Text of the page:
This woman - it sounded like she's six or seven years younger than me - had quite a heart-wrenching childhood. I know from being a father myself that the one thing you try and do for your child is to provide some stable environment in which the child can feel secure and loved, but it is fair to say that she had little of that, and had a spell homeless before getting parts in movies almost by accident. She must have been quite successful at things before the abuse, because she says it happened at the Sundance Festival one year - something I have heard of, although I'm not exactly sure what it is. I don't know whether she's talking about Weinstein or not - she doesn't use the name - but in any case, that's just a detail. Her abuser was supported by other people who enabled the abuse to happen. So I get the feeling that the whole scenario is reflecting something more institutional than a lone wolf opportunist. Which means that it is the institutions which need to change - it's not acceptable for someone to say "he's the boss, so it is ok". But that's what the #MeToo is all about, I think. Plus, of course, she talks about the fallout, the blacklistings as soon as she opened her mouth - the punishment for daring to blow the whistle.

It's a desperately sad story, and as a result, her book sometimes goes into a rant, which in turn made it difficult to read. She sees a lot of this as men vs. women, but I think there's more to it than that. It might be true within her world, but I think it is probably more subtle than that. Especially as you get older and past child-bearing age, the male/female distinction is more blurred - to me, it doesn't matter, although I do think we process things differently.The things that my wife picks up from something, say, are different from those that I pick up. I can only speak for myself but I was horrified by her story - as a white male. From my own experience, I know that when I was able-bodied I never consciously discriminated against disabled people, but now that I am disabled, I know that discrimination happens, so how do you square the circle? As far as I am aware, I have achieved what I achieved based on merit - no-one ever did me a favour - but there again I'm a white male, so perhaps I've just taken it for granted?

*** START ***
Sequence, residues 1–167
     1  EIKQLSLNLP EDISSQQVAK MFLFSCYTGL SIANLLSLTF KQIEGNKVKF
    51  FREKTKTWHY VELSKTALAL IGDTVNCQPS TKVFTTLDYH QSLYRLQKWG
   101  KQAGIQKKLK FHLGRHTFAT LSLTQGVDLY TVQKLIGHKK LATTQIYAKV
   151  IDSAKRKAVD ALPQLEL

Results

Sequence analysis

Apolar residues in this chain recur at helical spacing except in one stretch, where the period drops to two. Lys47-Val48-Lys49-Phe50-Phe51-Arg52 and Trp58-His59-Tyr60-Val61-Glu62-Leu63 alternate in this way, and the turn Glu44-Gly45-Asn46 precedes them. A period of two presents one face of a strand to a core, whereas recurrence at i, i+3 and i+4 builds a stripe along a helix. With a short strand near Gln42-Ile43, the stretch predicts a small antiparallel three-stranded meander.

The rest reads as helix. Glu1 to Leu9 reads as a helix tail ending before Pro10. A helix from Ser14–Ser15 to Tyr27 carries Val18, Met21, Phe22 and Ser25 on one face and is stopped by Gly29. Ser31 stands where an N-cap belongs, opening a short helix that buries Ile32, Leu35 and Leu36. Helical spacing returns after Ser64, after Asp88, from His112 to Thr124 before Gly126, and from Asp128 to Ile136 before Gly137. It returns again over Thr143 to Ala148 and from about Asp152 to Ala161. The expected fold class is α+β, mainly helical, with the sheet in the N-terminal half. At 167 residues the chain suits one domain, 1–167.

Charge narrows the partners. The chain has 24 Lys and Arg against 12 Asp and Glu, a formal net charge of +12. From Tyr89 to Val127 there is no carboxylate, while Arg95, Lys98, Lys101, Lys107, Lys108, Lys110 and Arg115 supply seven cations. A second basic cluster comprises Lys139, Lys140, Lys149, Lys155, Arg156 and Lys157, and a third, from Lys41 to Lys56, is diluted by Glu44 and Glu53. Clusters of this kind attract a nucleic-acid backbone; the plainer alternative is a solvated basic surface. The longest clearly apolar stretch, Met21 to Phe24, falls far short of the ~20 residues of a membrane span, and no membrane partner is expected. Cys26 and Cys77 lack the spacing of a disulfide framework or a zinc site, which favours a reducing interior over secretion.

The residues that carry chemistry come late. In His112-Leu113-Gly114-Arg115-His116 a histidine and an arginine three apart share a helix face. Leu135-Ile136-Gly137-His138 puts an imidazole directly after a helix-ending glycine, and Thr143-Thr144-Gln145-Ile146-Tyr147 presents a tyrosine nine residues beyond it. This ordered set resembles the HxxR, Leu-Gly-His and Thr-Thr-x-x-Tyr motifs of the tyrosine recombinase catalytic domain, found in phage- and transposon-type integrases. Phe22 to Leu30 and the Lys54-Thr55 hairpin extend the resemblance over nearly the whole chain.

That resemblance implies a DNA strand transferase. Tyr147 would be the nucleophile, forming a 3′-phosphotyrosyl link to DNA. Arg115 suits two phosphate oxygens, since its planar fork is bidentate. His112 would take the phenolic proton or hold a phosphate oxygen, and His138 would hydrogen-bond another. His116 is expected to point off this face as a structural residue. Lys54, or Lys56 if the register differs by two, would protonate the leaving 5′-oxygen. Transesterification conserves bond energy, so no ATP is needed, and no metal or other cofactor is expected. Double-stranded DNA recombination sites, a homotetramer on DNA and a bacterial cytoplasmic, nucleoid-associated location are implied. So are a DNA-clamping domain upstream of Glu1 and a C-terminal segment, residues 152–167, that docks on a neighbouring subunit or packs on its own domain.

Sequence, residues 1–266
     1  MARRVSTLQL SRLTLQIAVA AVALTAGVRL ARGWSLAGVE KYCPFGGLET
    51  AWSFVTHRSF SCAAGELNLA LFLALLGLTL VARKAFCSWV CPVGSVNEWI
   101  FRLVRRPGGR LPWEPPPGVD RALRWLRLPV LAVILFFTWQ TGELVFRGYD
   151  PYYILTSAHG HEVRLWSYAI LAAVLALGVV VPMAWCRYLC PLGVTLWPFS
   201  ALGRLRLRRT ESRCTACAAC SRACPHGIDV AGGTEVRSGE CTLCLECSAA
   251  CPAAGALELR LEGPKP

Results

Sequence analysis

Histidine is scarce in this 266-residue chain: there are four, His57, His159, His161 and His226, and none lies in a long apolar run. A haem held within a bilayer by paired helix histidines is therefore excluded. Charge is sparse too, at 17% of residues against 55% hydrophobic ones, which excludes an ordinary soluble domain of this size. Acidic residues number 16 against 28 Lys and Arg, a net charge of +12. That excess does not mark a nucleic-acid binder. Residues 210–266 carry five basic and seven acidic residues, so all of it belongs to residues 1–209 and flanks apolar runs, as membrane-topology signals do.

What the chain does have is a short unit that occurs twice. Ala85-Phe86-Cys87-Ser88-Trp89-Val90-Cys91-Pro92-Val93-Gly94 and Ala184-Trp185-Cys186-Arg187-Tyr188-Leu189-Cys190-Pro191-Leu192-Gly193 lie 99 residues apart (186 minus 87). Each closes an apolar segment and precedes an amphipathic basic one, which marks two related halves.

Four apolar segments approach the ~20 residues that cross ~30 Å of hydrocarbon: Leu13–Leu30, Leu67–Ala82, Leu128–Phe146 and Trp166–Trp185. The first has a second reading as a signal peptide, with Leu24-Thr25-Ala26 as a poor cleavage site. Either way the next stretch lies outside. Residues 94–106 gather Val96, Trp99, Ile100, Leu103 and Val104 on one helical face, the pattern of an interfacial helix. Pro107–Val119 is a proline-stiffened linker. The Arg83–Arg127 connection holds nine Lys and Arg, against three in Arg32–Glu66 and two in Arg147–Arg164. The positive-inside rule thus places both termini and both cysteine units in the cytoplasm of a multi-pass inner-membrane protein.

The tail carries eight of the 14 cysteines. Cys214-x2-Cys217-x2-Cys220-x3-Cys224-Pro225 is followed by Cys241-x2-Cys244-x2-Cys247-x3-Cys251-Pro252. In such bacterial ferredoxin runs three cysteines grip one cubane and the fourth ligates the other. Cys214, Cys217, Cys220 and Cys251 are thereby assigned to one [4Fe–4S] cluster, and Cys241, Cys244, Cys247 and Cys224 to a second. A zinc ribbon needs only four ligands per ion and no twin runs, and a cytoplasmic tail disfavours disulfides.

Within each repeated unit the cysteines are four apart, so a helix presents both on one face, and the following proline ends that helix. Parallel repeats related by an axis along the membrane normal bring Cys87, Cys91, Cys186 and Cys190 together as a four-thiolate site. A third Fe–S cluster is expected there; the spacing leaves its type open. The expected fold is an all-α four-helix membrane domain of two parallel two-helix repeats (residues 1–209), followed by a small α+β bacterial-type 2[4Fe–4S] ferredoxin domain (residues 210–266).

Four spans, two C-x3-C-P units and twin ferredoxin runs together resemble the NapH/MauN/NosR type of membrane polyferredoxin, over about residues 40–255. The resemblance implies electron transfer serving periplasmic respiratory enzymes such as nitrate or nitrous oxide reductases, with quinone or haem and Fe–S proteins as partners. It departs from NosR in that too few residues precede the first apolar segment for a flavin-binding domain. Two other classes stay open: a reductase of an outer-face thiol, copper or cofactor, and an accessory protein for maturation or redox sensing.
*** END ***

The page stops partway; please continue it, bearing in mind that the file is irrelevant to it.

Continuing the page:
Still, all of this is food for thought. The only real point to any of this is that it improves the situation for people going forward, and in that I hope she succeeds.

Wednesday, 8 May 2019

Alone

I did a volunteering stint at one of my charities yesterday (Tuesday). Normally it is pretty uplifting but on this occasion I felt that I could have done better. When I go in, I have a small list of clients that I try to speak to. The amount of time I spend speaking can obviously vary from week to week, but I do try and speak to everybody. In fact, it's a classic case of the size of a task varying to fit the time available - I often end up getting out only when my alarm clock goes off to tell me that it is time to disappear.

But I spoke to one of my clients who seemed quite down. Apart from speaking to people that day, she hadn't spoken to anybody since Friday, so spent the whole bank-holiday weekend home alone. I have to say that being alone is not something which particularly bothers me - I was an only child and even in adulthood, would prefer being on my own to being with people I didn't want to be with. Before I got married, I spent a lot of time single, or not really being part of a couple. But I know that other people can be different. I immediately thought that I ought to spent some time talking to this client, although it became clear that they didn't have a great deal to say. My normal get-out of a conversation is to say that I had better let them get on with their day, but how do you say that to someone who's already said that lack of motivation has made them lethargic? What are they going to go and do? This really is where I fall short. I can happily chat to people, spend the time of day, etc. but I don't have any professional training to deal properly with this. I basically rely on taking their mind off their predicament, at least for the duration of the conversation. As it was, I suggested maybe going for a walk to enjoy the spring flowers, but I don't suppose that was much more than a sticking plaster.

I really feel for people who seem to need human company more than I do. I, at least, know that I was quite happy to get by before my wife came along. And vice versa - neither of us will be lost without the other. I'm quite happy not really to have any contact with my daughter, the fuss she caused in 2015, and the indirect fallout afterwards, have always felt like the final few nails in the coffin.